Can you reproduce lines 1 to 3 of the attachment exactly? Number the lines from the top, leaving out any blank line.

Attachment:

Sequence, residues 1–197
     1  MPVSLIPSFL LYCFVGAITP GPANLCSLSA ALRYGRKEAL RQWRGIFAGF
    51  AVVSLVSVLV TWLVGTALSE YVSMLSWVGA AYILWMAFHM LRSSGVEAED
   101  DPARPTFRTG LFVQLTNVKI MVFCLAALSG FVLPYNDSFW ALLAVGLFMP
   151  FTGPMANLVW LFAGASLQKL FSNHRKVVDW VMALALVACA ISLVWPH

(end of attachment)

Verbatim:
Sequence, residues 1–197
     1  MPVSLIPSFL LYCFVGAITP GPANLCSLSA ALRYGRKEAL RQWRGIFAGF
    51  AVVSLVSVLV TWLVGTALSE YVSMLSWVGA AYILWMAFHM LRSSGVEAED